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Galaxy M87 --Orbited by 12,000 Globular Clusters & Harbors Most Massive Black Hole in the Universe

 

 

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The black hole at the center of the super giant elliptical galaxy M87 in cluster Virgo fifty million light-years away is the most massive black hole for which a precise mass has been measured -6.6 billion solar masses. Orbiting the galaxy is an abnormally large population of about 12,000 globular clusters, compared to 150-200 globular clusters orbiting the Milky Way.

In 2011, using the Frederick C. Gillett Gemini Telescope on Mauna Kea, Hawaii, a team of astronomers calculated the black hole’s mass, which is vastly larger than the black hole in the center of the Milky Way, which is about 4 million solar masses. The black hole’s event horizon, 20 billion km across “could swallow our solar system whole.”

In order to calculate the black hole’s mass, the astronomers measured how fast surrounding stars orbit the black hole. They found that, on average, the stars orbit at speeds of nearly 500 km/s (for comparison, the sun orbits the black hole at the center of the Milky Way at about 220 km/s). From these observations, the astronomers could come up with what they say is the most accurate estimate for the mass of a supermassive black hole.

The team theorized that the M87 black hole grew to its massive size by merging with several other black holes. M87 is the largest, most massive galaxy in the nearby universe, and is thought to have been formed by the merging of 100 or so smaller galaxies. The M87 black hole’s large size and relative proximity, the astronomers think that it could be the first black hole that they could actually “see.”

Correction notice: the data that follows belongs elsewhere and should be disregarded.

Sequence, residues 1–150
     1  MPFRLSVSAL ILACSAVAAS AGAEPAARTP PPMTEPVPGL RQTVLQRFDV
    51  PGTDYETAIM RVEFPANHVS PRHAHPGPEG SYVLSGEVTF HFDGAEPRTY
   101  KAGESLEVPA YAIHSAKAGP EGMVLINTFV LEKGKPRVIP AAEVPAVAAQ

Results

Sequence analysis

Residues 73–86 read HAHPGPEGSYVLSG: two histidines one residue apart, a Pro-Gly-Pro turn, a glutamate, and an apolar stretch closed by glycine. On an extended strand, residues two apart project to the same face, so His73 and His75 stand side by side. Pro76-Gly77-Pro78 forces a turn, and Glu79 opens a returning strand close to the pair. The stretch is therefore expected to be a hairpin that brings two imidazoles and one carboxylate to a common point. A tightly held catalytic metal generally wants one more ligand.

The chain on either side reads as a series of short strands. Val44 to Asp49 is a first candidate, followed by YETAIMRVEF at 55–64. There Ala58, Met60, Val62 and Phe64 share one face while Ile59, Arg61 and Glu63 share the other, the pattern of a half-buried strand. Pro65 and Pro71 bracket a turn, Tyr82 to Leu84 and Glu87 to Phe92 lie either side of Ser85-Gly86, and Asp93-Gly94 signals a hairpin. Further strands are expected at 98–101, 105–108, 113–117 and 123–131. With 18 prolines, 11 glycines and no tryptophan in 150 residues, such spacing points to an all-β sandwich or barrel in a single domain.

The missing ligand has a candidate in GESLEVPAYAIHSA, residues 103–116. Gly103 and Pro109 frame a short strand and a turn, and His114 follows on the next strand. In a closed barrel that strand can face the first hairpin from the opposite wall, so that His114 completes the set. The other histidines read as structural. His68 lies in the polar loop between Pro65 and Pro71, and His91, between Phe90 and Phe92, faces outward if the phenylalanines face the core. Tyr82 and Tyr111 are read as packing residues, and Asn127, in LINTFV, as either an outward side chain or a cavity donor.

Future calculations may attempt to calculate the size of another black hole with a roughly estimated mass of 18 billion solar masses, which is located in a galaxy about 3.5 billion light-years away.

In the image above, a central jet is surrounded by nearby bright arcs and dark cavities in the multimillion degree Celsius atmosphere of M87. Much further out, at a distance of about fifty thousand light years from the galaxy's center, faint rings can be seen and two spectacular plumes extend beyond the rings. These features, shown in X-rays, together with VLA radio observations, are dramatic evidence that repetitive outbursts from the central supermassive black hole have been affecting the entire galaxy for a hundred million years or more.

The Daily Galaxy via Chandra X-Ray Observatory

Comments

You will observe that all the customers would not be interested in obtaining your items & solutions.

I have known for some time that the nucleus of a mature galaxy can be composed of multiple black holes, within the same event horizon.
Also, that a galaxy can have more than one nucleus.
But, this, M87, is the first clear evidence that those companion nuclei can exhibit as quasars, have their own jets. (Firing off in different directions.)
Wish I had encluded that datum in Case Study of M87 from the book "The Story of the Birth and Growth and Reproduction of Galaxies. k

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